Digitization will help combat low tax penetration in Nigeria

Monday, April 19, 2021/10 a.m. / Ottoabasi Abasiekong for WebTV / Header Photo credits: WebTV


Digitization will go a long way in combating low tax penetration and increasing tax revenue while supporting Nigeria’s economic stability. The West African tax partner and head of Deloitte, Mr. Yomi Olugbenro, made this clear in a conversation about “Tax administration and economic development in Nigeria”.

According to him, Nigeria has come to a point where the digitization efforts of the tax administration are being reconsidered from the federal to the state level and the national identity management process is being used.

He praised the 2020 Finance Act, which made provisions for the use of technology to improve tax management, which should lead to innovations in the field of collection and aggregation.

Yomi Olugbenro strongly advocated linking the National Identity Number (NIN), National Identity Card and even Voter ID Card to Tax Identification Number (TIN).

With the technology, the tax expert believed that tax compliance could improve, while data intelligence would enable risk-based enforcement in the country’s tax arena.

In the recent report by the Civil Society Organization (CISLAC) that tax evasion cost Nigeria over $ 180 billion, he described it as a global phenomenon that has given rise to several international conventions and agreements.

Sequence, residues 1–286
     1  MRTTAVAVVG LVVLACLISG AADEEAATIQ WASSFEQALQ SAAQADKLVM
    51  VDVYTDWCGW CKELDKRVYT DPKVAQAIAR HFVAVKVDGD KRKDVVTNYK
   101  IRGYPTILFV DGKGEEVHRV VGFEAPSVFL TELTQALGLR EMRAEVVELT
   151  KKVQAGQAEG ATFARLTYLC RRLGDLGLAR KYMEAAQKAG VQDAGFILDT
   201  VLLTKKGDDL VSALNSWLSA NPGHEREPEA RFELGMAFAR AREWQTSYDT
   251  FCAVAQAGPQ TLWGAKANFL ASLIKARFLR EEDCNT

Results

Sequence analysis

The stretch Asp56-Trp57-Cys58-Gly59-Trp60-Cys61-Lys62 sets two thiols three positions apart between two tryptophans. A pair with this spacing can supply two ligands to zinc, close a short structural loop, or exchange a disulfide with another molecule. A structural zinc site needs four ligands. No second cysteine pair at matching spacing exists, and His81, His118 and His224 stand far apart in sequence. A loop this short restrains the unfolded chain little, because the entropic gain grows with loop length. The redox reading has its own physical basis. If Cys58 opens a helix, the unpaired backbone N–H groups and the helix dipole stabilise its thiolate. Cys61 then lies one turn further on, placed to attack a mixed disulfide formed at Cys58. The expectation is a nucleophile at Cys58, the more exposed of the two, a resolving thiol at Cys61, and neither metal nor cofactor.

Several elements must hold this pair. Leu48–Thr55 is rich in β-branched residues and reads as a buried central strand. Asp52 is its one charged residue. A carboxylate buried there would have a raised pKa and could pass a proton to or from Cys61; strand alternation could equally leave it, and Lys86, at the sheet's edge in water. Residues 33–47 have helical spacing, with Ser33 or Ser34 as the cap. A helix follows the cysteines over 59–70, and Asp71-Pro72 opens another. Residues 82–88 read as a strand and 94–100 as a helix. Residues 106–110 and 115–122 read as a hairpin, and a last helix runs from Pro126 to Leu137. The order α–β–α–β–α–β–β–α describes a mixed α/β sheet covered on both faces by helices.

He called for greater global cooperation between Nigeria and other nations in strengthening measures to reduce the effects of tax evasion. He stressed the need for clear identification of taxpayers in the country, which links taxpayers to their income and bank accounts to keep track of activity.

In addressing the threat of tax evasion, he acknowledged the importance of political will and noted that a transfer pricing review would be beneficial.

Looking at the prospect of expanding the tax network, Olugbenro agreed that much needs to be done in integrating the informal sector into the tax database, but stressed the need to deepen the penetration of the formal sector as well.

When he continued talking about the formal sector, he stressed that the focus should be on value added sectors that are not included in the tax base, which he admittedly has been difficult to do so far.

When assessing the incentives and amnesty measures to improve tax compliance, fight tax evasion and improve governance, he said the Voluntary Asset and Income Declaration System (VAIDS) was a laudable initiative, but it failed to achieve its goal.

He pointed out that Nigeria had failed to capitalize on the momentum of amnesty tax measures in the country, which should have changed the tax landscape.

Olugbenro also raised a fundamental problem that no punitive measures were taken against defaulters throughout the VAIDS period in order to deter others.

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